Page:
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Is Alternative Funding About to Go Mainstream?

Is Alternative Funding About to Go Mainstream?

Alternative funding

Following yet another record number of startup businesses in 2014, it's clear that Britain's entrepreneurial spirit is alive and kicking.

But not all of these ambitious entrepreneurs enter the world of business with enough financial backing. So what happens when those new firms need a more professional workspace? Or require investment to help them grow?

Currently, around half of UK startups fail within the first five years. There are many factors blamed for stifling business growth - and chief among them is a lack of financial support.

Banking institutions took a strict stance on lending in the wake of the recession. Yet amid such a positive rate of startups, high business confidence, and the UK economy's slow-but-sure healing process, many business owners believe it's time Britain switched its focus to help ambitious companies 'scale up' to the next stage.

Banks to refer rejected applicants

And it seems the tide is turning.

RBS, Britain's biggest lender to small businesses, has announced plans to help companies find alternative funding even if rejected by the bank itself. As part of the initiative, RBS will refer failed business loan applicants to alternative financial sources, including peer-to-peer lending schemes.

RBS is not alone in this move. Santander UK and Assetz Capital are already rolling out their own plans, and it's expected that thousands of un-funded businesses will now be directed towards alternative peer-to-peer lending platforms such as Funding Circle.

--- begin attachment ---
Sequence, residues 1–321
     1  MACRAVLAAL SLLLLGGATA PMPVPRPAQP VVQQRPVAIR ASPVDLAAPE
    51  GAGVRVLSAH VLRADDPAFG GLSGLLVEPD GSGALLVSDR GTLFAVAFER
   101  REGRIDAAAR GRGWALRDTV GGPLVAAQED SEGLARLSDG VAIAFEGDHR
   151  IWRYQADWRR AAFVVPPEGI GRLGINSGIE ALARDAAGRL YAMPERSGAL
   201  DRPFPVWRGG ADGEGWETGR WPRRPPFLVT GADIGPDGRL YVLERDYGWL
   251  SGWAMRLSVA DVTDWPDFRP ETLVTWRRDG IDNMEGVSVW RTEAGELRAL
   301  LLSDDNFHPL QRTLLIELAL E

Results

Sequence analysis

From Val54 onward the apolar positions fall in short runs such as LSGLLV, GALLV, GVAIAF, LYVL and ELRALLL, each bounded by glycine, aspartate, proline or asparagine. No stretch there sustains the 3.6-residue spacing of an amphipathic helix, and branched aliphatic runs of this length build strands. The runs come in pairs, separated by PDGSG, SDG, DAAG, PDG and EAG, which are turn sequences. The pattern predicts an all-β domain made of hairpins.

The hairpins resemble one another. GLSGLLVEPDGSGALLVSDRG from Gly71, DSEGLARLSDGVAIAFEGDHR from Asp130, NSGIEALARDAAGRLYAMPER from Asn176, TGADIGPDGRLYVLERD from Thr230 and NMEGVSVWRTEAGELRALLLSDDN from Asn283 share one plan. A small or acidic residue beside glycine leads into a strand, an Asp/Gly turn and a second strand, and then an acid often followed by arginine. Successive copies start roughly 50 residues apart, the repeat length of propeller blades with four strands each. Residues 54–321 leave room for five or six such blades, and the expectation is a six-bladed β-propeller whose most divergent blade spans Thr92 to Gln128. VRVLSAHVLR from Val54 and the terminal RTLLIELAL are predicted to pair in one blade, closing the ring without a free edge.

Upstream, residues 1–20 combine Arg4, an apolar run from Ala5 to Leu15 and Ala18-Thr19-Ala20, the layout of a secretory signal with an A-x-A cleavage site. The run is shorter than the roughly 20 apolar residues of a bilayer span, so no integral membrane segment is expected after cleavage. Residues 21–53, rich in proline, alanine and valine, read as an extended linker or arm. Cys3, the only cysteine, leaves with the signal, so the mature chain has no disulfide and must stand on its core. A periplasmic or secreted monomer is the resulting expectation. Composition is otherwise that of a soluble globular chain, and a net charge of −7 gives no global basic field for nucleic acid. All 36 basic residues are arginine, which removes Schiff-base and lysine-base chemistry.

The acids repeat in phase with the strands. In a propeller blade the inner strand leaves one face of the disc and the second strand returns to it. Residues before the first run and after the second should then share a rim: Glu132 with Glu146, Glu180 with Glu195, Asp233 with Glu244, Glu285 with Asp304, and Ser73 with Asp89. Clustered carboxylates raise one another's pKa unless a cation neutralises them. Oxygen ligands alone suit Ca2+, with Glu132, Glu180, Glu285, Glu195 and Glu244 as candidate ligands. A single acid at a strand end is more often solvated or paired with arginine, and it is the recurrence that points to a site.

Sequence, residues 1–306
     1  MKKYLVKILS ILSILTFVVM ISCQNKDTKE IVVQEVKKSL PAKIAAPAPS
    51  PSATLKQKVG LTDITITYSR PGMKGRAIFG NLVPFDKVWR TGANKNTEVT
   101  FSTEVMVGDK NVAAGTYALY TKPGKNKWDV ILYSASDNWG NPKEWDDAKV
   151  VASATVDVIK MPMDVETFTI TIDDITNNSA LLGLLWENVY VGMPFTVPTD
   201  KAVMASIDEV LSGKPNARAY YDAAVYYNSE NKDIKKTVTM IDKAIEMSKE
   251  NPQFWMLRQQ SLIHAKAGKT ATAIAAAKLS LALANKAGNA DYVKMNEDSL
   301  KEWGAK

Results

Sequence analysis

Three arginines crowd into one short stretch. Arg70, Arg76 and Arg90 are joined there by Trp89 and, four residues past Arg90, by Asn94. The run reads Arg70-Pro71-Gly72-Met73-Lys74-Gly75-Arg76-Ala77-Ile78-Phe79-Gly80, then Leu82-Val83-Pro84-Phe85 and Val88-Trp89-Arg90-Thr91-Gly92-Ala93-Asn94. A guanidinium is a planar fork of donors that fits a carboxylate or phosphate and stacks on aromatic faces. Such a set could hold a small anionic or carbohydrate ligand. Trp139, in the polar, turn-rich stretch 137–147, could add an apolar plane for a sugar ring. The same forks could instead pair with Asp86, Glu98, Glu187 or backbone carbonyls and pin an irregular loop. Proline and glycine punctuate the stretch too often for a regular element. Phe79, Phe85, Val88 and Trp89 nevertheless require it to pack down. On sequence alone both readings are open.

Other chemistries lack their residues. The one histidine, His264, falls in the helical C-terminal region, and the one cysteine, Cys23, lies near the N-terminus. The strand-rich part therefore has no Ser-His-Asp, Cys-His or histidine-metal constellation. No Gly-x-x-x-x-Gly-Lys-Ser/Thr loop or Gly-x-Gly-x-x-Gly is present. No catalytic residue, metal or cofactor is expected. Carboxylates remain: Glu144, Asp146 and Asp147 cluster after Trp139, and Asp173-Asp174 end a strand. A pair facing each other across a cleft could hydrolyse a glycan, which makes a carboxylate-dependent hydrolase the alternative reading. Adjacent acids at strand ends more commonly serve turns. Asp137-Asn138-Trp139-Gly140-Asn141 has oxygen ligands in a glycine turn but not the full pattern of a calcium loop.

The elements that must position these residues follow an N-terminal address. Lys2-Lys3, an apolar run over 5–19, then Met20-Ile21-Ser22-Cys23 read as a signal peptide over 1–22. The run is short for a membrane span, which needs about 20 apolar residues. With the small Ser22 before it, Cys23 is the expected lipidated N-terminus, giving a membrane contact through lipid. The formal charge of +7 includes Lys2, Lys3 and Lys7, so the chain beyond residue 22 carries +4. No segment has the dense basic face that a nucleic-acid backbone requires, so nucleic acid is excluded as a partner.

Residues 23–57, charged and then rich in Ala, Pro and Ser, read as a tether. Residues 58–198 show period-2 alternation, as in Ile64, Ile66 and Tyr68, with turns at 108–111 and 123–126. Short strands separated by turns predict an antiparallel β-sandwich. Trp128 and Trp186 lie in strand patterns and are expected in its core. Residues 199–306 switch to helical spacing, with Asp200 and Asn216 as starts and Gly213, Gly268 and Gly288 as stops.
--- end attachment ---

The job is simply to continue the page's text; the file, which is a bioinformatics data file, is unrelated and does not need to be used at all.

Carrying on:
What triggered this change?

Partly, it seems, the change was initiated by business owners themselves. Last year, research revealed that 65% of SMEs in the UK felt that banks should be forced to refer failed applicants to alternative lenders.

Speaking at the time, Max Chmyshuk, Founder and Managing Partner at Fleximize, said that many rejected businesses are indeed "financially viable". The problem comes when banks rely on outdated criteria to select successful applicants, and stated that alternative lenders "can often be 'smarter'" than banks when assessing applications for business credit.

"The ultimate goal is to increase the amount of responsible lending to SMEs, and this will be helped if new legislation forces banks to forward the details of SMEs they reject for finance to professional regulated alternative lenders," he added.

SMEs invaluable to economic growth

With around half of all small firms rejected for loans, UK banks have come under fire for holding back much-needed funding. And yet, SMEs are invaluable to the growth and strength of the UK economy.

A government briefing note released in December 2014 (based on 2013 data) found that over 99% of the UK's 4.9 million businesses were SMEs, and employed over 14.4million people. The European Commission valued Britain's SMEs at €473 billion or 49.8% of the UK economy.

According to RBS (reported by Business Matters), peer-to-peer lending currently makes up just 1% of loans. But the industry is growing fast, at a rate of 200% per year.

"In the past, it would have been unthinkable for an alternative lender, let alone a new peer-to-peer lender, to collaborate with a bank. However, it is clear that there's a genuine desire emerging for banks to support SMEs more by introducing alternative lending industry options," said Andrew Holgate, managing director of Assetz.

Given the undeniable value of SMEs, it is a very positive sign that numerous measures are now grinding into action t


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